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International Journal of Pediatrics
Volume 2014, Article ID 981465, 4 pages
Clinical Study

IVIG Effects on Erythrocyte Sedimentation Rate in Children

Pediatric Department, Bouali Hospital, Ardabil University of Medical Sciences (ARUMS), Ardabil 56157, Iran

Received 27 August 2013; Revised 9 November 2013; Accepted 11 November 2013; Published 29 January 2014

Academic Editor: Joel R. Rosh

Copyright © 2014 Farhad Salehzadeh et al. This is an open access article distributed under the Creative Commons Attribution License, which permits unrestricted use, distribution, and reproduction in any medium, provided the original work is properly cited.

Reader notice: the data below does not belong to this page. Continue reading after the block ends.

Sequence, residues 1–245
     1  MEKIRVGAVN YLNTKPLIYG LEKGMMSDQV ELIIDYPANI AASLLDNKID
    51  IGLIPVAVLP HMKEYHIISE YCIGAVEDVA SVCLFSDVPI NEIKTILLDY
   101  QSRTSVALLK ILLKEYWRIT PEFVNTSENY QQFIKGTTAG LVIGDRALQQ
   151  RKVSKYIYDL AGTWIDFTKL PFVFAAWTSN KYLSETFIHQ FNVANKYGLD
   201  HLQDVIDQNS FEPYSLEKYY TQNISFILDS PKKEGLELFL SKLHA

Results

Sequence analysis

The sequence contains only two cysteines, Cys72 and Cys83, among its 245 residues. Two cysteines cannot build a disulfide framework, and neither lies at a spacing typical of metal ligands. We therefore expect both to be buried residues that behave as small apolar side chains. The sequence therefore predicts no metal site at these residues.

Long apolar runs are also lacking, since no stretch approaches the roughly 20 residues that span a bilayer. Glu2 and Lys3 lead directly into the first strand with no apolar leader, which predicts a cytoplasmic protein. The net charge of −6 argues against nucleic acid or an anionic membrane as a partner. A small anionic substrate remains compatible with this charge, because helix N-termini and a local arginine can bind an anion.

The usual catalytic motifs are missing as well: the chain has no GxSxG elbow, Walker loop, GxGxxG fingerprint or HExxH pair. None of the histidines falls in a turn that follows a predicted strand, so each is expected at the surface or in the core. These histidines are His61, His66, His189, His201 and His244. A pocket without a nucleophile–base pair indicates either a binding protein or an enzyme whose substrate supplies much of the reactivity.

Background. Erythrocyte sedimentation rate (ESR) is a valuable laboratory tool in evaluation of infectious, inflammatory, and malignant diseases. Red blood cells in outside from the body precipitate due to their higher density than the plasma. In this study we discuss the IVIG effect on ESR in different diseases and different ages. Methods and Materials. Fifty patients under 12 years old who had indication to receive IVIG enrolled in this study. Total dose of IVIG was 2 gr/kg (400 mg/kg in five days or 2 gr/kg in single dose). ESR before infusion of IVIG and within 24 hours after administration of the last dose of IVIG was checked. Results. 23 (46%) patients were males and 27 (54%) were females. The mean of ESR before IVIG was and after IVIG it was ; this difference was meaningful . Results of ESR changes in different age groups, 6 patients less than 28 days, 13 patients from 1 month to 1 year, 20 patients from 1 to 6 years old, and 11 patients from 6 to 12 years have been meaningful ( , , and , resp.). Conclusion. In patients who are receiving IVIG as a therapy, ESR increased falsely (noninflammatory rising); therefore use of ESR for monitoring of response to treatment may be unreliable. Although these results do not apply to neonatal group, we suggest that, in patients who received IVIG, interpretation of ESR should be used cautiously on followup.